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Health minister warns of new COVID-19 wave as he signals an end to emergency payments

Pandemic leave payments have ended ahead of an expected surge of COVID-19 cases but infected people must still follow directions to isolate at home for a week, the health minister says.

Mark Butler says the federal government does not have the financial capacity to continue funding what were intended as emergency payments, which came to an end on 30 June.

“We’re going to have to start moving towards more normal programs that support the Australian community and people have been on notice about that for some time,” he told ABC radio on Friday.
Asked if people without sick leave would go to work with COVID-19 if they didn’t have access to the government support measure, Mr Butler said he “hoped not”.

“We can’t continue forever to fund from the budget the gaps in the labour market that exist,” he said.

Yet the minister warned health authorities are expecting a third wave of Omicron cases and reinfections are likely due to a new variant.

Australians must get their boosters as soon as possible to protect themselves, he said as Victoria reported 12 deaths and 8,057 cases while NSW recorded 10,930 cases and nine fatalities.

“Even if you caught COVID in that big summer wave, where millions of Australians caught (it), if you’ve only had two doses … you are potentially susceptible to infection over coming months,” he said.
Mr Butler will meet with state and territory health ministers on Friday, where managing the coronavirus will be high on the agenda.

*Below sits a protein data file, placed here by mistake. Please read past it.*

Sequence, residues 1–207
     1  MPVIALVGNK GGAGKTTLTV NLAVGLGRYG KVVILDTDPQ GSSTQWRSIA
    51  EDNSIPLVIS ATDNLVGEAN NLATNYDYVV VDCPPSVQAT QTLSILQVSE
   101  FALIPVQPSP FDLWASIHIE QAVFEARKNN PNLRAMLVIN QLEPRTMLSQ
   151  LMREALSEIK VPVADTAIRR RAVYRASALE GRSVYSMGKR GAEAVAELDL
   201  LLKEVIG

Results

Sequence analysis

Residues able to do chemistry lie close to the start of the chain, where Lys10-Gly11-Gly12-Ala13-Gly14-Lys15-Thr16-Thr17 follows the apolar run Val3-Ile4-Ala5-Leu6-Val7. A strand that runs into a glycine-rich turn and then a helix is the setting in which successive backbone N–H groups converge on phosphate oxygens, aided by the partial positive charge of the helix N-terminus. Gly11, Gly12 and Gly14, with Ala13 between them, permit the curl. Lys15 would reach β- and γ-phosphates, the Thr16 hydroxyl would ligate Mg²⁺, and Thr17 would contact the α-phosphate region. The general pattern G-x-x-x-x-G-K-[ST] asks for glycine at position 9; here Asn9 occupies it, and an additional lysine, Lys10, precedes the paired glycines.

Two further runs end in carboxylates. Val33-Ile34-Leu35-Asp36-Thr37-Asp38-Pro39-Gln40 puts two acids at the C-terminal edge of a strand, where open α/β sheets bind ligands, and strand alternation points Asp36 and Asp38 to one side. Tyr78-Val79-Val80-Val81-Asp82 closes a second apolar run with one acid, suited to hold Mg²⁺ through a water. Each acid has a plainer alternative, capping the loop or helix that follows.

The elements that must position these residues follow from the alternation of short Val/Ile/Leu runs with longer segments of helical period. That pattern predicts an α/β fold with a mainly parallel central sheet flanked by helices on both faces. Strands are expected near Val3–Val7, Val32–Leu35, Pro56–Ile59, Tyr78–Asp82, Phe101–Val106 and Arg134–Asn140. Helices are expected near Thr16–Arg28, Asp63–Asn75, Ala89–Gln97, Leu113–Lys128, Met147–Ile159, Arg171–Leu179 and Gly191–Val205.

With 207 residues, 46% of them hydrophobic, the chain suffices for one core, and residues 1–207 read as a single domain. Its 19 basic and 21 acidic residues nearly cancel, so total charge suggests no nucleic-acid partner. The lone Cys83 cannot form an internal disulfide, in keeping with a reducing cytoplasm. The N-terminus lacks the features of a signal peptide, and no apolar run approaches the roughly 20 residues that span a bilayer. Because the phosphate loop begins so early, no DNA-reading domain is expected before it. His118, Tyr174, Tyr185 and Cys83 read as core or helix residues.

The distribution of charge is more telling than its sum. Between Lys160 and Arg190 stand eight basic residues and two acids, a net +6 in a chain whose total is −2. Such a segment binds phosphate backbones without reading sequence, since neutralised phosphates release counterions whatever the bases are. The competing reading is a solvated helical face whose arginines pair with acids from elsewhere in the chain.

Ministers will talk about ways for more vulnerable people with COVID-19 to get access to antiviral drugs. Mr Butler said it was important to expand the use of the antivirals to help manage the pandemic.

“We’re getting feedback from pharmacists, GPs and patients alike (and) I don’t think that there’s a great level of awareness about these treatments out in the community,” he said.

“You have to have a plan for when you get notified of a positive COVID test so that you can contact your GP quickly (and) get a script for these antivirals.”

Review to consider new COVID-19 vaccines

A federal government review of Australia’s COVID-19 preparedness is about looking towards the future rather than focusing on past mistakes, Mr Butler said.

The review will be headed up by former health department boss Jane Halton, who will examine the pharmaceutical contracts for Australia’s COVID-19 vaccines and treatments signed by the previous government.
Mr Butler says existing vaccines and treatments are effective at preventing severe disease and wants Australians to have access to the best in new health measures.

As virus variations emerge and new vaccines enter the market, Ms Halton will ensure Australia is at “the front of the queue” when it comes to access, Mr Butler said. “I want to be looking forward,” he said.

“I want to make sure that we’re prepared over the coming six- to 18 months for the rest of this year and into 2023, given what we can predict is going to happen with this virus mutating.”

The health minister expects the review to be conducted in weeks and not months to prepare Australia for new waves of cases.
A separate review of the former government’s pandemic management will be undertaken in the future but not while Australia was still grappling with health challenges, Mr Butler said.

“We’re still seeing 300 Australians tragically die every week,” he said.
“Looking back and examining what we did well and what we didn’t do so well will be something we have to do at some point, but not yet.”

But Australians want the new government to hit the ground running, not reviewing, deputy opposition leader Sussan Ley said.

“I’ll be out there today urging people to get vaccinated where they haven’t been, and to remind them that the vaccines are safe, efficient (and) they work,” she told the Seven Network on Friday.

“That’s the most important thing for this government to focus on: protecting the population.”